Bipartisan Policy Center Releases Groundbreaking Economic and Public Diplomacy Recommendations for U.S. Policymakers to Enhance Relations with Egypt and Offer a Path Forward for Democracy

Oct 12, 2011, 10:30 ET from Bipartisan Policy Center

General Jim Jones, Ambassador James Glassman, Secretary Dan Glickman Discuss Challenges and Solutions to the Crisis in Egypt

WASHINGTON, Oct. 12, 2011 /PRNewswire-USNewswire/ -- The Bipartisan Policy Center's (BPC) National Security Project held a panel discussion today on the future of the country, its implications for the region and the challenges for U.S.-Egypt relations following last weekend's sectarian unrest in Egypt. The discussion followed the Project's release of two papers that offer concrete, constructive recommendations for U.S. policy going forward. Investing in the Revolution: Economics and Prospects for Democracy in Egypt, authored by BPC Senior Fellow and former National Security Advisor General (ret.) Jim Jones, assesses Egypt's economic crisis and its impact on democratic development in the post-revolution state. Strategic Public Diplomacy: The Case of Egypt, a case study of BPC's Strategic Public Diplomacy Initiative (SPDI), co-chaired by Ambassador James Glassman and former Secretary Dan Glickman, analyzes U.S. public diplomacy toward Egypt over the past 15 years and examines how such diplomacy can serve U.S strategic objectives today.  

Earlier this year, Egyptians took to the streets to topple Hosni Mubarak's authoritarian regime. Today, the revolution is marred by instability and disagreements about how the political transition should proceed. With 83 million people, Egypt is the most populous nation in the North Africa-Middle East region. For 30 years it has been an ally of the United States and a pillar of U.S. regional security policy.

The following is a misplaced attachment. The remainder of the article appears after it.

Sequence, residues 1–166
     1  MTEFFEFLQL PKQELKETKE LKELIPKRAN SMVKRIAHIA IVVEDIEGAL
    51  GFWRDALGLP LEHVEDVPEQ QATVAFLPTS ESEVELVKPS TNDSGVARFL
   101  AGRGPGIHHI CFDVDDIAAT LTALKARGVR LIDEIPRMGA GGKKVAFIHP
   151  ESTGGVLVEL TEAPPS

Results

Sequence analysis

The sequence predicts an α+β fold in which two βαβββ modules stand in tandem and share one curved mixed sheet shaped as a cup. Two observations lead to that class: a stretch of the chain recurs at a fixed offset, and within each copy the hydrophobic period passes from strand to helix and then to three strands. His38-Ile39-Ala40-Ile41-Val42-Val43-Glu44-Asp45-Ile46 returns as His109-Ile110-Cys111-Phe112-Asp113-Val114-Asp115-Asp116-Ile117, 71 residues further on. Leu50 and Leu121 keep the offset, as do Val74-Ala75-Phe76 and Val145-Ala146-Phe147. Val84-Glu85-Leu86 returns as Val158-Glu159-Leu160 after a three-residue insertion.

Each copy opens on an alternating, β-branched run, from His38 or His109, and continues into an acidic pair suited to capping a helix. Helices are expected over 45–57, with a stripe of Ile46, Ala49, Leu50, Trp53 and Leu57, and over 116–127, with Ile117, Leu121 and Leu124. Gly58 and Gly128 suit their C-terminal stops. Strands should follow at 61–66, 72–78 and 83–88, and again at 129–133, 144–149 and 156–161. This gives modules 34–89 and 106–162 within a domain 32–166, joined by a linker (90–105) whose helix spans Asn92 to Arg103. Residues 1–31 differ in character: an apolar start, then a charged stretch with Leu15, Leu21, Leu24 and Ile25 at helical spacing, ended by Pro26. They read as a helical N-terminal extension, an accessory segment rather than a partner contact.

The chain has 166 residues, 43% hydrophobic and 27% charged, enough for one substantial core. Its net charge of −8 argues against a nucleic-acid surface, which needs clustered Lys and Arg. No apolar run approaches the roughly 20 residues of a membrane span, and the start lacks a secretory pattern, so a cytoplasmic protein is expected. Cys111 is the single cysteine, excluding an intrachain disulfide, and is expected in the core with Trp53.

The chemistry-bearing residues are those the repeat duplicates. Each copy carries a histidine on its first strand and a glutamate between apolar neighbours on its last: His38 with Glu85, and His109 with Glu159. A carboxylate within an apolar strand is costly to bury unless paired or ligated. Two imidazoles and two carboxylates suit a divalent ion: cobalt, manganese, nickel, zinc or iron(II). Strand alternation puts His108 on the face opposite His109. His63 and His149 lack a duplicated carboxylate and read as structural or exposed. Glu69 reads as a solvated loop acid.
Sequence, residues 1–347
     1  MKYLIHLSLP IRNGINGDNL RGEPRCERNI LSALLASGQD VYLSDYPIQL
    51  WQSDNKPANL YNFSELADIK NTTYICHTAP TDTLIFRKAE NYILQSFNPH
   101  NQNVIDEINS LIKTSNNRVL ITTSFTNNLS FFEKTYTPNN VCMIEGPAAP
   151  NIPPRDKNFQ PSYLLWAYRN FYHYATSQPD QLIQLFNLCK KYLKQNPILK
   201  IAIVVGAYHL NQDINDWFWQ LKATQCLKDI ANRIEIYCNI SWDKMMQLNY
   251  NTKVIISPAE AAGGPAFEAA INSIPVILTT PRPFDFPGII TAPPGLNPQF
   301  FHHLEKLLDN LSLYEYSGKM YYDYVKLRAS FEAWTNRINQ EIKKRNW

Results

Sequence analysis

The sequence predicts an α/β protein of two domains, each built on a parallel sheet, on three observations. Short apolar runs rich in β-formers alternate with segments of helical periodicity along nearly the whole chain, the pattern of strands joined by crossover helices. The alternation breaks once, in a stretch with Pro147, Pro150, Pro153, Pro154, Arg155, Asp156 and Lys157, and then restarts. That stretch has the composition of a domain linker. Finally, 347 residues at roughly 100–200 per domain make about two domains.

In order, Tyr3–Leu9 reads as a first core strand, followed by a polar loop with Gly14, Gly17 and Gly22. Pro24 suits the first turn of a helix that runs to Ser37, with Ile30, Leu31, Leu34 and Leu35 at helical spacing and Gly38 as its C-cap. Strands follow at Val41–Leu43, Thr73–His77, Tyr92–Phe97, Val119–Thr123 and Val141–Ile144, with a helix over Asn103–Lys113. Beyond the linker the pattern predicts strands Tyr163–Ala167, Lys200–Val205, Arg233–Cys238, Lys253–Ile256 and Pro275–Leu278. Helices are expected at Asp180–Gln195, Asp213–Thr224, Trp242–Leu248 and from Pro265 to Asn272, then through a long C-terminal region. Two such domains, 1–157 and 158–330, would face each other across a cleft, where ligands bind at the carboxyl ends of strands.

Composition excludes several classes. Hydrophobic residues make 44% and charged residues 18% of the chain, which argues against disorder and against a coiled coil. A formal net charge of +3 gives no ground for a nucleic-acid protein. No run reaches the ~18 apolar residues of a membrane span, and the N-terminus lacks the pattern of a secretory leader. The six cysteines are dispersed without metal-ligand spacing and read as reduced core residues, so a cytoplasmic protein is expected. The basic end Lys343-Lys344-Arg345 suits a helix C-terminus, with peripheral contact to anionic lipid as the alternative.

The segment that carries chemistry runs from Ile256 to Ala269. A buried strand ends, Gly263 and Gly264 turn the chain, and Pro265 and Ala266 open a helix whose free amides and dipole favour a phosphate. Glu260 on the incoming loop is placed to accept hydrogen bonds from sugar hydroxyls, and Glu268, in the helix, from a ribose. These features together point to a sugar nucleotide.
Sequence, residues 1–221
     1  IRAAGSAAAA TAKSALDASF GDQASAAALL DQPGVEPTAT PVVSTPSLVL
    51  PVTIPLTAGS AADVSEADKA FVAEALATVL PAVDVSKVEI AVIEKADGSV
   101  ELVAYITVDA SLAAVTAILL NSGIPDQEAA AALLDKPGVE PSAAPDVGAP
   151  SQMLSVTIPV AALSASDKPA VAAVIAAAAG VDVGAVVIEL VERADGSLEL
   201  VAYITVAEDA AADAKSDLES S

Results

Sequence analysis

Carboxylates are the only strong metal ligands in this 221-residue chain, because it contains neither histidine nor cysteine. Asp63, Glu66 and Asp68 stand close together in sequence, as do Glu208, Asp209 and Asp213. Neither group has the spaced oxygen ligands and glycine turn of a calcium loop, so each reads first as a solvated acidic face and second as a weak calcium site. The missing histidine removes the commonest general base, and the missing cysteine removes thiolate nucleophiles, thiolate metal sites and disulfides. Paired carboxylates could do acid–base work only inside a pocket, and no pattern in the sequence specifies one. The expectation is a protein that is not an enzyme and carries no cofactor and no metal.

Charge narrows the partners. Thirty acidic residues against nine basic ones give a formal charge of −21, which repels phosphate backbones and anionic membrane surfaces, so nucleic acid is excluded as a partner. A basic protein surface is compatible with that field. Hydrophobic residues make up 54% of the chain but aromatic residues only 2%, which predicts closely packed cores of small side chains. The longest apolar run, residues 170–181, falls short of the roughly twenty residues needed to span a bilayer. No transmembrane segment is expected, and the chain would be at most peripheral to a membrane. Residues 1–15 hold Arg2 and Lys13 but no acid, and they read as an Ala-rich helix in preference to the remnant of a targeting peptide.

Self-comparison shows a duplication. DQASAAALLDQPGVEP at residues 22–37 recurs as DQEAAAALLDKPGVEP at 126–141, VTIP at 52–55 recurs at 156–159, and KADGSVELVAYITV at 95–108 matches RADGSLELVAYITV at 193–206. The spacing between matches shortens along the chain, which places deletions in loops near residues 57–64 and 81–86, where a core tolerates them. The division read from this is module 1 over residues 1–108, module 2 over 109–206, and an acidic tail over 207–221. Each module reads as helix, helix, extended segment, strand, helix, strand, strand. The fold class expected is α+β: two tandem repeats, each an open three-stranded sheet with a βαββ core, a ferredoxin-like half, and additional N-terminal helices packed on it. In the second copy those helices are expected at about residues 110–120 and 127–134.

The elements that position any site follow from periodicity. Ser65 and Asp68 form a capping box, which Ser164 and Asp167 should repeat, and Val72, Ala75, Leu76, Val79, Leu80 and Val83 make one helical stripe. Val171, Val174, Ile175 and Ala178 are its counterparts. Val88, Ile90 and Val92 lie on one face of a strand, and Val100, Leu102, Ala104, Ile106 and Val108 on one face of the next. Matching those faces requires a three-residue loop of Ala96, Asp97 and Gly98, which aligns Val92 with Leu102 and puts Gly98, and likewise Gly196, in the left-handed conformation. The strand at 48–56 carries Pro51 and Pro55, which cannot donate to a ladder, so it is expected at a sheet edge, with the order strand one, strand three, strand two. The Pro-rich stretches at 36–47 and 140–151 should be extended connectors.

"Where Egypt goes – whether it remains in chaos, moves toward democratic governance, into the arms of Islamists, or back to authoritarianism – the region is likely to follow," said Ambassador Glassman. "To navigate the transition, Egyptians need a free and fair debate about the future shape of their polity. We should not shirk from taking part in that discussion and expounding the virtues and values of democracy."

"The outcome of this unfinished revolution will have long-lasting repercussions for U.S.-Egypt relations, for security in the Middle East, and for U.S interests in the region," said General Jones. He added, "America can help Egypt fulfill the promise of its revolution by providing it with the three pillars of foreign assistance: political reform, economic development and security."

Egypt's economy is currently struggling. In 2011, Egypt's growth rate is expected to plummet to 1.6% or less, down from 5.1% in 2010. The absence of tangible economic improvements for the vast majority of Egyptians will undermine the revolution's success. "If Egypt doesn't get the economy right," said General Jones, "democracy stands little chance of taking root." Security, too, is a key factor. "Security sector reform is equally critical to democratic development," stressed Jones. "Egypt is reconstituting its state security apparatus, and Washington is not involved.  It should be."

Today's discussion also focused on the strategic importance of reaching out to Egyptian citizens through public diplomacy. "Egypt is an important test case for examining the efficacy of U.S. public diplomacy," said Glassman, who served as Under Secretary of State for Public Diplomacy for President George W. Bush. BPC's Strategic Public Diplomacy Initiative's case study of Egypt is part of a longer project that examines the effectiveness of United States' public diplomacy in achieving strategic foreign policy objectives.